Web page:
May 4, 1983
A contract provision that a client cannot discharge a lawyer during the course of representation until all legal fees and costs owing the firm are paid is unethical.
A lawyer's contractual right to sue a client for attorney's fees earned and for reimbursement of costs advanced is a question of law for the courts to decide.
A lawyer may withdraw from employment upon the client's deliberate disregard of an agreement to pay for fees or expenses, provided that the attorney first give the client reasonable notice and ample time to employ substitute counsel; that the attorney deliver to the client all papers and property to which the client is entitled; that the unused portion of fees paid in advance and unearned are refunded to the client; and if permission for withdrawal is required by the rules of a tribunal, it first be obtained.
Attorney withdrawal under circumstances where the client lacks financial ability to meet the contractual requirements of an agreement for payment of fees and costs is not always ethically justifiable in the absence of other conduct which makes it unreasonably difficult for the attorney to effectively conclude the case.
References: DR 2-110; CI-926; Kysor Industrial Corp. v. DM Liquidating Co. 11 Mich. App 438 (1968); Dual v. Sill Mortgages, Inc., 37 Mich App 708 (1972); and Ambrose v. Detroit Edison Co., 64 Mich App 484 (1975).
An inquiry recognizes that an agreement to deliver legal services on behalf of a client may not be completed either upon the initiative of the attorney, the client or for reasons beyond the control of both. Paragraph 1 and 7 of the agreement relate to attorney withdrawal and paragraph 8 addresses the issue of termination by the client.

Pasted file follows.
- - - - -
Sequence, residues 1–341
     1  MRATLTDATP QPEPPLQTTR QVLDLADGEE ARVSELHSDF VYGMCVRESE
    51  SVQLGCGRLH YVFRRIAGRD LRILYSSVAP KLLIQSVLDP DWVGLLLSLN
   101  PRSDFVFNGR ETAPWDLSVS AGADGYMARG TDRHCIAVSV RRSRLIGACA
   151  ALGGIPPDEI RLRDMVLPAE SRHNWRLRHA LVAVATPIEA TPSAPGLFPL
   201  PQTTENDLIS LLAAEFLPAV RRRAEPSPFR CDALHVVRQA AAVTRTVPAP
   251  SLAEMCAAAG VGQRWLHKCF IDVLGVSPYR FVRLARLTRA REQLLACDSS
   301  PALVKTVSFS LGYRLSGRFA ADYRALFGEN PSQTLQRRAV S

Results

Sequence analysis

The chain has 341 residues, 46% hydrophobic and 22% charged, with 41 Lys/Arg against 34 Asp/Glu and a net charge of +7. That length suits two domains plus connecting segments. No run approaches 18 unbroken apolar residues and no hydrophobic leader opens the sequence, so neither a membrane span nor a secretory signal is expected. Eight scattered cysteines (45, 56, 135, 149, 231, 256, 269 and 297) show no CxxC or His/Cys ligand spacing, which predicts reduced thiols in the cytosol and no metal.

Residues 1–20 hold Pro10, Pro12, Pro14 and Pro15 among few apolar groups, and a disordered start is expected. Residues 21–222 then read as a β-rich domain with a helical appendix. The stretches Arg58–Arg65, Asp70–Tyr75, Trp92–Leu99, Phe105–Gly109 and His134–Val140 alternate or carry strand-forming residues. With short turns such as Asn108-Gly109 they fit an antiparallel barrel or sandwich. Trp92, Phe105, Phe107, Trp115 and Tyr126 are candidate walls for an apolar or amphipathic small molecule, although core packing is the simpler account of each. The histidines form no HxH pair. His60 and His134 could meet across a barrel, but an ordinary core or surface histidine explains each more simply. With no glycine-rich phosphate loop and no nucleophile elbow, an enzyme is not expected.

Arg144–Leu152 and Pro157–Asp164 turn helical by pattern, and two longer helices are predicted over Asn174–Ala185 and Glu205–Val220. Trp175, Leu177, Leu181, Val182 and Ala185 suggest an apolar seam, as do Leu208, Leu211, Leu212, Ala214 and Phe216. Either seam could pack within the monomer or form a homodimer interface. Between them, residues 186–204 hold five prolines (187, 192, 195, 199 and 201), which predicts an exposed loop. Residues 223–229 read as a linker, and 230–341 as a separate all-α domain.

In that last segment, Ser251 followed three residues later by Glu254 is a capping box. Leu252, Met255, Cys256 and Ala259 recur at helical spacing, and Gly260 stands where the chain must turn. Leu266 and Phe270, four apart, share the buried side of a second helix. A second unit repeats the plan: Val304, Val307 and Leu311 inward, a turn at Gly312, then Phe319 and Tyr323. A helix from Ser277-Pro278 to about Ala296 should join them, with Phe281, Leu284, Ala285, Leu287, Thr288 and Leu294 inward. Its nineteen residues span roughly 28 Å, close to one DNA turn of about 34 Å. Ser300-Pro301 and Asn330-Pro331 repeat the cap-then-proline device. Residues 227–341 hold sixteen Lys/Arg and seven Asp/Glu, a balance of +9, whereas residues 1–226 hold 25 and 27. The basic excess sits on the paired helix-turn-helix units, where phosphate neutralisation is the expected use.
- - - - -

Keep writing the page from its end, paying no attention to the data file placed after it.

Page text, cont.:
Some preliminary observations will provide you with a better understanding of the Committee's conclusions. An attorney's right to compensation depends upon the existence of an express or implied contract of employment, since in the absence of a consensual arrangement an attorney is generally not entitled to a fee. The amount of the fee for professional services is left to the parties, subject to specific statutory provisions and the regulatory supervision of the Michigan Supreme Court. Questions of law are beyond the scope of the Committee's jurisdiction. Recognizing that frequently the areas of law and ethics overlap, this opinion will be directed toward the ethical propriety of the proposed agreement.
Even under circumstances where DR 2-110 permits attorney withdrawal, DR 2-110(A) requires that reasonable notice be given to the client, allowing ample time to employ substitute counsel; that the attorney deliver to the client all papers and property to which the client is entitled; that the unused portion of fees paid in advance and unearned be refunded to the client; and that if the particular tribunal requires leave of court (the general rule), permission must first be obtained.
Paragraph 8 of the proposed agreement permits the client to terminate the relationship upon five days written notice "received by the law firm" (no mention of the law firm's notice of termination being received by the client is specified in the event of attorney withdrawal). The paragraph then goes on to provide that the termination will not become effective until the client has paid all legal fees and costs owing under the Retainer Agreement, including the possibility of a collection action to enforce payment. The Code does not address the circumstances upon which the client may terminate the relationship. However, because of the nature of the attorney-client relationship being founded upon contractual principles of agency, and the attorney's fiduciary obligations of loyalty and diligence, it is generally recognized that a client is ethically free to discharge an attorney for any cause or no cause at all, if the client no longer feels comfortable with the particular attorney.